Dec 4, 2020
This podcast presents, Dr. Michael Edwards, a rheumatologist with Ridgeview Specialty Clinics, who provides a discussion some unique arthritis cases.
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CASE 1 - Psoriatic
For our first case, our 77 year old male ended up with psoriatic arthritis. Key points of the work up include ruling out a septic joint, looking for articulation problems or soft tissue concerns like chronic infections, skin lesions, or breakdown and assessing for polyarthritis. Further work up includes sedimentation rate, C-reactive protein, and imaging, starting with x-rays.
Key points of the work up include ruling out a septic joint, looking for articulation problems or soft tissue concerrns like chronic infections, skin lesions or breakdown and assessing for polyarthritis. Further work up includes sedimentation rate, C-reactive protein, and imaging - starting with x-rays.
To tap or not to tap? That is the question for joint complaints. Arthrocentesis through an area of cellulitis or inflamed soft tissue is generally contraindicated. However, if a tap is feasible, the three C's: culture, WBC count, and crystals should be send. A cell count greater than 10,000 would be indicative of an inflammatory effusion. In the acute setting, the pros and cons should be weighted as to whether or not to inject steroids. If you suspect infection, though, do NOT inject corticosteroids.
Long-term treatment of psoriatic arthritis is individualized to the patient. Some patients manage with methotrexate, while others might need a biologic. Cost is a barrier in prescribing biologics, requiring referrals, and prior insurance authorization. Biologics target a specific part of the immune system. Contraindications would be patients who are already immunosuppressed, have TB, hepatitis or multiple sclerosis, or are in late stages of CHF. Other contraindications include breast, lung or melanoma cancer with a high risk of recurrence. When running a fever or prior to surgery, biologic doses should be delayed or paused.
CASE 2 - Ankylosing
In case number 2, a young man with a long history of back pain ended up with ankylosing spondylitis. Again, the history becomes important in the diagnosis, keying us to be suspicious of this patient's chronic pain. For this case, though lab work was normal, an AP x-ray of the pelvis showed narrow and sclerotic sacroiliac joints with erosion.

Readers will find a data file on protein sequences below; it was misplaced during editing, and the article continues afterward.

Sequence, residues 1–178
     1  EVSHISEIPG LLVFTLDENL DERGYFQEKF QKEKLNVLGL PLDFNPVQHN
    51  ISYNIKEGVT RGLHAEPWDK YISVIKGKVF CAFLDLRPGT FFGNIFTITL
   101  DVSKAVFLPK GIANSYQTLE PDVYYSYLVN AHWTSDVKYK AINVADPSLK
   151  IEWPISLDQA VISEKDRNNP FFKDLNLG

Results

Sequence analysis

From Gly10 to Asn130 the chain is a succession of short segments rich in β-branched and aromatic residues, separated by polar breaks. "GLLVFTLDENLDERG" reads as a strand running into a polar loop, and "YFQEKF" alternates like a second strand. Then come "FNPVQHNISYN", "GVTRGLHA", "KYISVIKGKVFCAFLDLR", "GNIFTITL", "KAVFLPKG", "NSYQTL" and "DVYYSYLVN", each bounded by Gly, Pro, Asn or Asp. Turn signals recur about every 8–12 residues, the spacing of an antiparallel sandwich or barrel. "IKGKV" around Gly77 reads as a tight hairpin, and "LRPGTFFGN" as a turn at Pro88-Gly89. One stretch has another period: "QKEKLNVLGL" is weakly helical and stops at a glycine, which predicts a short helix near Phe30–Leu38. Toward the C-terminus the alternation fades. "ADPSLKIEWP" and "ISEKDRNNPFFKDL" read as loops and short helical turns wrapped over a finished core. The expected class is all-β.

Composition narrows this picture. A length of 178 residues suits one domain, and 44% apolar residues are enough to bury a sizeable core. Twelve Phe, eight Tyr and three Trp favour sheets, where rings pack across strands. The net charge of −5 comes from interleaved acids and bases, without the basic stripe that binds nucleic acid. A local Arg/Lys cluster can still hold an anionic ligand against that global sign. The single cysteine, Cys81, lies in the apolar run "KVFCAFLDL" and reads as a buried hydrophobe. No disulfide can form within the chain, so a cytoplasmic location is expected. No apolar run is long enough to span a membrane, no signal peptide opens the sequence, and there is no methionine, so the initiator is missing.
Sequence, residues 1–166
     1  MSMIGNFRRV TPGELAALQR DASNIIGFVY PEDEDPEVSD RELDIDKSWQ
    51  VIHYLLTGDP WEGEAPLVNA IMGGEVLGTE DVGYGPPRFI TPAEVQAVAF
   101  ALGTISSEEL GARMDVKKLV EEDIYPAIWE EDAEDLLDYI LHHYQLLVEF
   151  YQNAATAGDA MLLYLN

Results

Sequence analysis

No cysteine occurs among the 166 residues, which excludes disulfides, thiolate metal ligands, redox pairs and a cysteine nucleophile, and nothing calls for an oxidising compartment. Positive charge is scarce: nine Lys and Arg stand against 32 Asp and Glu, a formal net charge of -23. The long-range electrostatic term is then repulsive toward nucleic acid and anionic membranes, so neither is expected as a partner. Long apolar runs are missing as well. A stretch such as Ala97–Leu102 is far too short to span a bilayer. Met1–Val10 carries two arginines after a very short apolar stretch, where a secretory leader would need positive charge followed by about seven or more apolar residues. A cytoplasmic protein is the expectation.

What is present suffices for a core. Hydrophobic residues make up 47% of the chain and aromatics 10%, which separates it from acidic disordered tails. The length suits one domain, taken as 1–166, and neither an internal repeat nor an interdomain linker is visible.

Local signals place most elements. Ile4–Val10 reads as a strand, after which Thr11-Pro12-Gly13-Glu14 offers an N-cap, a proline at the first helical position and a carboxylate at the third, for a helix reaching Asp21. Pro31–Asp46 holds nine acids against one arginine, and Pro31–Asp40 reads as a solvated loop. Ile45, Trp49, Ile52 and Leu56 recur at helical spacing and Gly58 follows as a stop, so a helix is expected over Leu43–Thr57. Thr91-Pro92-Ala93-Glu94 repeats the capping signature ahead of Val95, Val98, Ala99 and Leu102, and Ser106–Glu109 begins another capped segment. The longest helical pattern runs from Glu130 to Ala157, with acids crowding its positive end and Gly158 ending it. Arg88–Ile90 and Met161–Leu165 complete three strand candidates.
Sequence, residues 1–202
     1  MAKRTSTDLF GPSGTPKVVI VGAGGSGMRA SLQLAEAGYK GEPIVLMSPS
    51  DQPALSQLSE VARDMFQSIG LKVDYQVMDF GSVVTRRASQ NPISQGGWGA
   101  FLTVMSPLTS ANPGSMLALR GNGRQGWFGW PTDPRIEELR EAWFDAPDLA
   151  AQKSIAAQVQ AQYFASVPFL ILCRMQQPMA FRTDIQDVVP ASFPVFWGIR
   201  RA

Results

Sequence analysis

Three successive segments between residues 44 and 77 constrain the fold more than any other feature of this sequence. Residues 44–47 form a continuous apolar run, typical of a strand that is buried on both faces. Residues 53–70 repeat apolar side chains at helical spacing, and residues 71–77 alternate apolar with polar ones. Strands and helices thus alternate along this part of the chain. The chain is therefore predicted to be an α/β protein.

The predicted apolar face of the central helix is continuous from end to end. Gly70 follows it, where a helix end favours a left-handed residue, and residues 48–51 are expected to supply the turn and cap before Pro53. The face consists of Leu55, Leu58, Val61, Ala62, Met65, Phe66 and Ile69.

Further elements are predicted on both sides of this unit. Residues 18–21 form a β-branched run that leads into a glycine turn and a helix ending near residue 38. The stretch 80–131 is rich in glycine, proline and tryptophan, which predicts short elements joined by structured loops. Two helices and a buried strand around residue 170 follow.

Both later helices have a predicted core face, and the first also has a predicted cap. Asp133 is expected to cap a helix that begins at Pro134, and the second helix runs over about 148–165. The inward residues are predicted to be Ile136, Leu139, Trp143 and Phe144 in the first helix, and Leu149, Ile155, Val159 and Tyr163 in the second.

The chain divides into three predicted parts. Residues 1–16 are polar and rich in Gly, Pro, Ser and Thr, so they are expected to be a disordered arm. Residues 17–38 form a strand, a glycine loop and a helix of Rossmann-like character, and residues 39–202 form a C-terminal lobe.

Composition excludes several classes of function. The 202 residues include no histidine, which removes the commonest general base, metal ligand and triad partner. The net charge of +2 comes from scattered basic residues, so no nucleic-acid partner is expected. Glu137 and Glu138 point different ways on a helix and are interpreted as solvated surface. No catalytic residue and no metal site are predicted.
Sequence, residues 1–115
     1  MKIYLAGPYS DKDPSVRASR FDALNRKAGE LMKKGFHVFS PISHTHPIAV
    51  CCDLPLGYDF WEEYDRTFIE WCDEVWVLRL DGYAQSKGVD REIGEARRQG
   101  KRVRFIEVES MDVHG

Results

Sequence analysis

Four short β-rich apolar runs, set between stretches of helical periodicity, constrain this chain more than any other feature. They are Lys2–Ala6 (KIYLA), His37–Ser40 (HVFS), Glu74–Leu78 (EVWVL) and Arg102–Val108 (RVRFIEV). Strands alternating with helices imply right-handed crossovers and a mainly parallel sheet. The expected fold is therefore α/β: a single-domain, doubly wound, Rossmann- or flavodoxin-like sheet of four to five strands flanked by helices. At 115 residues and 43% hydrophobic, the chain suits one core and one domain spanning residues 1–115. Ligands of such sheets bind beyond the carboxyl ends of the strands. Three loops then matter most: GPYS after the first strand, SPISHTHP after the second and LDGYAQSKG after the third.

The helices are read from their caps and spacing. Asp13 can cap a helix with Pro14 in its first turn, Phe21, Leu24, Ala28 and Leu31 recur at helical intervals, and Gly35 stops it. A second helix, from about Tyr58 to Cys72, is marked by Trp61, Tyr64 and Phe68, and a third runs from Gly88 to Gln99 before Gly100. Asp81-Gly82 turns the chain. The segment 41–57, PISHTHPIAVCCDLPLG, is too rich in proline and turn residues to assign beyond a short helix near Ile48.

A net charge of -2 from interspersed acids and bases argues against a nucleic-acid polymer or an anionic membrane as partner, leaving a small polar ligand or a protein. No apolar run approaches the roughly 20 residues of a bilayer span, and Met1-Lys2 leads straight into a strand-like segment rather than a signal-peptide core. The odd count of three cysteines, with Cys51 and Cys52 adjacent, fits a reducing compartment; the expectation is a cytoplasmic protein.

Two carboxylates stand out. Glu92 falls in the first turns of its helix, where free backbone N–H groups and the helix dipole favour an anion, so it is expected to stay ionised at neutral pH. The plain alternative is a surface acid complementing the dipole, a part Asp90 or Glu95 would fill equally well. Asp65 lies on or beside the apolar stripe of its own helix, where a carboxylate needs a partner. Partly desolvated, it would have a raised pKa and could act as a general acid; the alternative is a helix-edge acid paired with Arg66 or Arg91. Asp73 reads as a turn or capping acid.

Like psoriatic arthritis, this diagnosis falls under the category of seronegative spondylarthropathy. When tested, the patient will not have antibodies or positive rheumatoid factor. It is a reactive condition: sacroiliitis causes inflammatory changes and therefore pain. Inflammatory bowel conditions like Crohns and Ulcerative colitis fall into this same family of reactive conditions.
First line treatment for ankylosing spondylitis is NSAIDS taken on a scheduled basis to protect the joints. Long term management includes physical therapy and back education. Biologics can be used for pain refractory to NSAIDS.
This pain can go undiagnosed for years, and cause irreparable fusion of the spine, otherwise known as a bamboo sign as seen on x-ray. Again, a thorough history is key to catching and diagnosing these patients early, and preventing long-term complications.
CASE 3 -
Out last patient is a woman with a swollen knee, normal wbc, and elevated sed rate. Due to her history, and RA flare up would be considered in the differential, but unlikely due to a monoarthritic presentation. Following a similar work up as the first two cases, labs and imaging are obtained and the knee is tapped. The three C's mentioned earlier: culture, WBC count and crystals are sent and the results are positive for needle-like crystals which are negative birefringent when examined with polarizing microscopy. The patient has gout.
Treatment includes NSAIDS like Naprosyn or indomethacin. In an acute setting, oral steroids can be prescribed. Dosing for gouty monoarthritis is 20-30mg for 3-5 days. For patients already on baseline steroids, include a steroid taper back to baseline.
Additional work up could include uric acid levels. While not diagnostic, a uric acid greater than 9 may help identify patients at risk for future episodes. If the patient has 2 or more gout attacks a year. Allopurinol can be prescribed.
To sum up all our cases today; a thorough history and exam are critical, keep the differential broad, and management is weighing the pros and cons of NSAIDS, steroids and whether or not to tap that joint. Septic arthritis can not be overlooked. Early recognition and diagnosis is key.
Thanks for listening.